Wash and peel the ginger root and cut with the grain into very thin slices (a vegetable peeler is good for this). Put into a bowl, cover with cold water and let stand for 30 minutes. Drain the ginger, then drop into a saucepan of boiling water. Bring the water back to a boil over high heat, then drain and cool. Sprinkle with a little salt and place in a bowl.
In a saucepan combine the rice vinegar, sugar, salt and soy sauce; stir to mix. Bring to a boil and simmer just until the sugar has dissolved. Cool liquid and pour over ginger, mixing well. Let the ginger stand for at least an hour before using it as a garnish for sushi or other dishes. It will keep indefinitely in a covered jar in the refrigerator. -- From "The Complete Book of Japanese Cooking" COLD GINGER CHICKEN (4 servings) 1/2 frying chicken 2 cucumbers, peeled, seeded and sliced into matchsticks 2 tomatoes, sliced 1 teaspoon grated fresh ginger 4 tablespoons soy sauce 2-1/2 tablespoons rice vinegar (or white vinegar) Dash of freshly ground white pepper 3 tablespoons sesame oil 2 teaspoons sugar 1 teaspoon salt
Wash the chicken, place in a large pot, cover with cold water and bring to a boil. Lower heat and simmer, covered, for 20 minutes. To make marinade, combine ginger, soy sauce, vinegar, pepper, 2 tablespoons sesame oil and sugar in a bowl.
When chicken has cooked, plunge into cold water until cool. Remove bones and skin, pat dry. Marinate chicken in the ginger mixture in refrigerator for 30 minutes to 1 hour.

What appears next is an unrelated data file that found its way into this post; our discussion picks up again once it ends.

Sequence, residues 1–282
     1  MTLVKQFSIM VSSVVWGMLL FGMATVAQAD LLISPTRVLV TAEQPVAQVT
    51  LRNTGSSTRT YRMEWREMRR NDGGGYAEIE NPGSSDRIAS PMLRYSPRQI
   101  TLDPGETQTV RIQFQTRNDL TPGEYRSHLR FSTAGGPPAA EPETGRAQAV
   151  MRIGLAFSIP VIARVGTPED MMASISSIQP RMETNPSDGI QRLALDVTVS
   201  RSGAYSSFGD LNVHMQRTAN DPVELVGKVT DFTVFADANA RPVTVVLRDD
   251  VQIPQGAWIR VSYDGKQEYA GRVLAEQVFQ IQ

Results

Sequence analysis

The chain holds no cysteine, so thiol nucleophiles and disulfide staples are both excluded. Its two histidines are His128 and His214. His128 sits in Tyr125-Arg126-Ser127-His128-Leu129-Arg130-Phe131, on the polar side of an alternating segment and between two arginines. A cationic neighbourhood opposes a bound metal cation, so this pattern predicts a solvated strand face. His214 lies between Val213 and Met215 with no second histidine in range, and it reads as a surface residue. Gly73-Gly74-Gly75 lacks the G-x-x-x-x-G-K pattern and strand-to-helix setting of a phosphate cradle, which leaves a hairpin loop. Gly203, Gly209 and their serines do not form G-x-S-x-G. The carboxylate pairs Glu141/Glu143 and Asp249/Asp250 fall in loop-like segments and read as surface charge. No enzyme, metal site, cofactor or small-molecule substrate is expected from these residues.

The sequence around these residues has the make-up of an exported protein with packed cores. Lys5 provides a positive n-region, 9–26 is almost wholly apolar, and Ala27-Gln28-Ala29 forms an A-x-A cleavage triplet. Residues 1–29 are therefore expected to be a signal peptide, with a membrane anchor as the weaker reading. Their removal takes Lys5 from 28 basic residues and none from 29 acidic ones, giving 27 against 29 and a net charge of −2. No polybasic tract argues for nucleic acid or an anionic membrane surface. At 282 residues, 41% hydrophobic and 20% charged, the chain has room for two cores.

Place tomatoes on the bottom of a serving plate. Place sliced cucumbers in a colander and sprinkle with salt. Let sit for 30 minutes and rinse with cold water. Shake dry and place on top of tomatoes. Sprinkle with 1 tablespoon sesame oil. Remove chicken from marinade (reserve), slice into strips and place atop garnish. Pour marinade over chicken. CHICKEN SPICED WITH GREEN GINGER (4 to 6 servings) 1 chicken (2-1/2 to 3-1/2 pounds) 1 piece (2 inches) green ginger* 2 teaspoons coriander seeds, crushed 1 teaspoon salt 1 teaspoon black peppercorns, crushed 1/2 teaspoon cloves, crushed 3 cardamon pods, crushed and seeds extracted 1 stick butter
*Green ginger comes from the young or green roots and is preserved in brine. It is available in Oriental groceries in a tin. Once the tin is opened the ginger should be strained and submerged in sherry if it is to be kept for further use.
Clean chicken and wipe dry. With a sharp knife make a few criss-cross incisions over the breast, legs and wings. Place ginger, coriander, salt, peppercorns, cloves and cardamons in a mortar and pestle and grind until thoroughly curshed. Cream butter in a bowl until soft and add crushed spices until a smooth paste is formed. Fill the incisions with spiced butter and rub the remainder inside the chicken and all over its skin. Let stand in refrigerator for about 2 hours.
Bake chicken in oven at 450 degrees for 1 hour, or cook wrapped in foil in a 350-degree oven until tender. Either way, just before it is cooked, uncover breast to allow browning. Serve with cooked rice with the chicken juice poured over as flavoring. ORANGE GINGERBREAD 1/2 cup dark brown sugar 1/2 cup butter 1 egg, lightly beaten 1 cup molasses or maple syrup 2-1/2 cups flour 1-1/2 teaspoons baking powder 6 tablespoons grated ginger 1/2 teaspoon cinnamon 1/4 teaspoon ground cloves 1/2 teaspoon salt Grated rind of 2 oranges 1 cup orange juice, at a simmer
In a bowl, cream together sugar and butter. Stir in beaten egg and molasses.
Sift together dry ingredients. Add grated orange rind and stir well to blend.
Combine the molasses and flour mixtures. Gradually add hot orange juice, beating constantly to keep batter smooth. Beat for 3 minutes.
Pour or spoon into a buttered 2-quart baking dish or an 8-by-12-inch loaf pan. Bake at 350 degrees for 35 minutes or until tester comes out clean. Cool slightly before turning out onto a rack.